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Patriot Pyro SE 120GB Solid State Drive Review - Specifications, Pricing and Availability

Fitting in between the Pyro and Wildfire, the Pyro SE balances performance, longevity and cost like a Globetrotter with a basketball.

| SSDs in Storage | Posted: Dec 2, 2011 4:57 am
TweakTown Rating: 90%      Manufacturer: Patriot

Specifications, Pricing and Availability


TweakTown image content/4/4/4454_02_patriot_pyro_se_120gb_solid_state_drive_review.png


The Patriot Pyro SE is available in three capacity sizes; 60GB, 120GB and 240GB. At this time we have yet to hear of a 480GB model, but considering the price of such a beast, we can see why Patriot would be reluctant to venture down that path.


All of the Pyro SE drives list the same read speed performance; 550MB/s, but the 60GB is limited to just (laughing at the just in this sentence) 500MB/s write speed while the two larger models scale to 520MB/s. There is also a distinction in the IOPS capabilities as well with the larger models being quoted at 85,000 random write IOPS and the smaller 60GB model only delivering 80,000.


Patriot has been very good about releasing new firmware updates and the company already has the latest listed on their website for all three SF-2281 controlled drives. In such a competitive market, we need to look at all of the add-ons, accessories and warranty terms in great detail to find a product that really stands out from the crowd. With a three year warranty, Patriot is right in the middle when compared to other manufacturers. Some offer just two years while one that we know of offers five. The Pyro SE does not ship with a desktop adapter bracket, something we really like to see ship with SSDs since so many make their way into performance desktops, especially SATA III models.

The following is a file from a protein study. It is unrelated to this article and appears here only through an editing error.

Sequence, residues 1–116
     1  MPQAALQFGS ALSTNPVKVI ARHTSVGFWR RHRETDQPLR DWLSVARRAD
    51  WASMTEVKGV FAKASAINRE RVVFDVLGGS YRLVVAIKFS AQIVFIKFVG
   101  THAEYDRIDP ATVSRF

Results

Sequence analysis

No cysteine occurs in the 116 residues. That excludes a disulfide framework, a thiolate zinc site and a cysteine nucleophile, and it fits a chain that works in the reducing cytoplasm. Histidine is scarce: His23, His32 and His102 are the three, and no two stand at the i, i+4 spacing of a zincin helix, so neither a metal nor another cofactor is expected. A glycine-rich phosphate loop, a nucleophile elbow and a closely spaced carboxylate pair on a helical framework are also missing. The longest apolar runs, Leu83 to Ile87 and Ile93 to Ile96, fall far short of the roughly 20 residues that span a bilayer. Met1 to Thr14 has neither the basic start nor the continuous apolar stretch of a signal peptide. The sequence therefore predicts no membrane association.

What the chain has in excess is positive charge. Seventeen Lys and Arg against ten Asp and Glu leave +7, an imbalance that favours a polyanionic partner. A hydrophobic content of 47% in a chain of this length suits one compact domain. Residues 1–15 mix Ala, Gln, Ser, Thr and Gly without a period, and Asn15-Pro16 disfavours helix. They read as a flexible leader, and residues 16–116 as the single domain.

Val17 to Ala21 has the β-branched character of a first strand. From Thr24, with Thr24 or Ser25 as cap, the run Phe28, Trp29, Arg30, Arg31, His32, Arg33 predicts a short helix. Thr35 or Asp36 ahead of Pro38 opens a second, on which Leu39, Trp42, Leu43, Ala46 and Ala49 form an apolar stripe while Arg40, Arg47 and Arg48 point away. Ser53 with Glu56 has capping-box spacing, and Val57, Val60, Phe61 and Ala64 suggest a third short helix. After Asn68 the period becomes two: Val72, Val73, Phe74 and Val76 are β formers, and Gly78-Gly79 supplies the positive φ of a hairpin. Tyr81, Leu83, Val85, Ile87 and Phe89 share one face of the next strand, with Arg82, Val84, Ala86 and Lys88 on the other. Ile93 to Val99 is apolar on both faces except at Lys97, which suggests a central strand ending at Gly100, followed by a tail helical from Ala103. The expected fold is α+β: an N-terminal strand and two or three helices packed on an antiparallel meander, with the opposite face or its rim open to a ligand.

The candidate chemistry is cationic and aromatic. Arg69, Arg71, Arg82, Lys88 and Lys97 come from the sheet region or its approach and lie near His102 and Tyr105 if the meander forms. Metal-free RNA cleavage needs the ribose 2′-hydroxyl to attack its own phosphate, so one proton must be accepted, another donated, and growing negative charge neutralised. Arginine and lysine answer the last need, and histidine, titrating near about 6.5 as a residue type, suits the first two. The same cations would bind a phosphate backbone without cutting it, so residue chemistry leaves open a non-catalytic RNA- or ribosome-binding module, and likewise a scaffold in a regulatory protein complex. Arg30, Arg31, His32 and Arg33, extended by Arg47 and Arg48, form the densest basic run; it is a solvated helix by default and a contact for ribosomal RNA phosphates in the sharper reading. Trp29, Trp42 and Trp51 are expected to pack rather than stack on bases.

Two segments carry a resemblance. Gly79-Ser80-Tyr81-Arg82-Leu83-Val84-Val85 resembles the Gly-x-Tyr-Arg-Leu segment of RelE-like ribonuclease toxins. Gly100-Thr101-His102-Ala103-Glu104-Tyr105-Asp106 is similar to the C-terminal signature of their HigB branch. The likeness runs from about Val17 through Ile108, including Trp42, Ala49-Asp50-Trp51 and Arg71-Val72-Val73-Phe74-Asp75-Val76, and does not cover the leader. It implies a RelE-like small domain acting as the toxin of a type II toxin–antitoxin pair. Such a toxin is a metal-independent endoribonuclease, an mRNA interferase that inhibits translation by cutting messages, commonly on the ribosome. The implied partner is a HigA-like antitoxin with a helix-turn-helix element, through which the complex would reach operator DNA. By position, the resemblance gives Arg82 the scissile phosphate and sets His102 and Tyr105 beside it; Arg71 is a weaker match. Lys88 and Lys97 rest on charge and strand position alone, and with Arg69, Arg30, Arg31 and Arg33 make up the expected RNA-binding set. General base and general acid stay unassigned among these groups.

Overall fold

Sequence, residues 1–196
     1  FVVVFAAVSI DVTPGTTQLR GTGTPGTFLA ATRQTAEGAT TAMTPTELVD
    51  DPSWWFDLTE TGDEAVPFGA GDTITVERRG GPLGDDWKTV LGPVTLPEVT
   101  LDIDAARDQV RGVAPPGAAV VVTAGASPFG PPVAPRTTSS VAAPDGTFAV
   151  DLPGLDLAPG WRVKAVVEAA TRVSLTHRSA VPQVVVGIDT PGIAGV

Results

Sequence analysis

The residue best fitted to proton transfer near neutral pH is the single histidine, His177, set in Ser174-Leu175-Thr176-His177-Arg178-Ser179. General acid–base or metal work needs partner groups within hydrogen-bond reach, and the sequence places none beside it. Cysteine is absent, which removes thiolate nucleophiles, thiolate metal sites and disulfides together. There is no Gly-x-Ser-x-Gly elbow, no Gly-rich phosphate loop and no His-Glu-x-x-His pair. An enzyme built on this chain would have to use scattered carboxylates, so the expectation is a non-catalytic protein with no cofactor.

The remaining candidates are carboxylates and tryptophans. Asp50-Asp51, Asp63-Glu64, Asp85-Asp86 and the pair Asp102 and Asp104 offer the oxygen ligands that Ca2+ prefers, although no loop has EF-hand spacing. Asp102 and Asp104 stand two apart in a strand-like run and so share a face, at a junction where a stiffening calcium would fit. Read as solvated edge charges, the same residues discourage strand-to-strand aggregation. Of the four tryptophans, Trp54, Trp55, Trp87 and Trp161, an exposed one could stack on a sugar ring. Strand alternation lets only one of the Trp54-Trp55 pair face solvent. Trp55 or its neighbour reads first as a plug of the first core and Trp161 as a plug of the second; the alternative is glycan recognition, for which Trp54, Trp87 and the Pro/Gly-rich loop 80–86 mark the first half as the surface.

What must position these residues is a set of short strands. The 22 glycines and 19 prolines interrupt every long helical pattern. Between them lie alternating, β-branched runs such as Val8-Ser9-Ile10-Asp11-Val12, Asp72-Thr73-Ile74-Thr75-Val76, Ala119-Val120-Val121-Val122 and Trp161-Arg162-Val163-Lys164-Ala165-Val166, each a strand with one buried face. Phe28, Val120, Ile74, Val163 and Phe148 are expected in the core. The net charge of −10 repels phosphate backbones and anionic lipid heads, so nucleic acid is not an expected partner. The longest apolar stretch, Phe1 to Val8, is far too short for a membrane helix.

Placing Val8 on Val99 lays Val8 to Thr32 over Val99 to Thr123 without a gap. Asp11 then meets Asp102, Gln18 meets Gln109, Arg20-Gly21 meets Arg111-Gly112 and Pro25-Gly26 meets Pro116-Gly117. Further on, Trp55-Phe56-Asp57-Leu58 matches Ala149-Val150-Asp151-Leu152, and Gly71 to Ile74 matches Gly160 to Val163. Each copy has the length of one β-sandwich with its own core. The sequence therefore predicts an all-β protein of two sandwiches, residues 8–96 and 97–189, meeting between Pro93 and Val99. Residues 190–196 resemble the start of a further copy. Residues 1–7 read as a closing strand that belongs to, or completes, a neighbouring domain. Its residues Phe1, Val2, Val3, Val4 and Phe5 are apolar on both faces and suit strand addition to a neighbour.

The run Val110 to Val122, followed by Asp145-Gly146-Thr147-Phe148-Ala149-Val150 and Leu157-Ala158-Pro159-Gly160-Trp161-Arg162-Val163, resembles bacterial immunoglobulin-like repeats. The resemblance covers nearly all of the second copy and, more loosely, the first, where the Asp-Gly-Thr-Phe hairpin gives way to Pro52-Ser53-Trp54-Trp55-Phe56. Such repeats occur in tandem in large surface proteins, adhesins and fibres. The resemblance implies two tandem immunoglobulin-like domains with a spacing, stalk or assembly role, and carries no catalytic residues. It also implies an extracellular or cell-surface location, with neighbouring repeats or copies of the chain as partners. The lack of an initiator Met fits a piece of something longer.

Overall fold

I have to admit I got pretty giggly after seeing the 120GB Pyro SE listed at Newegg for just 184.99 after a mail-in-rebate (204.99 before the MIR), but then I started looking at other prices. The Pyro SE 120GB on its own sits at a really nice price point, but other manufacturers are starting to get their synchronous flash paired with SF-2281 drives down into the mid to high 160's after a MIR, so the Pyro SE still has a way to go considering it doesn't ship with a desktop adapter bracket.

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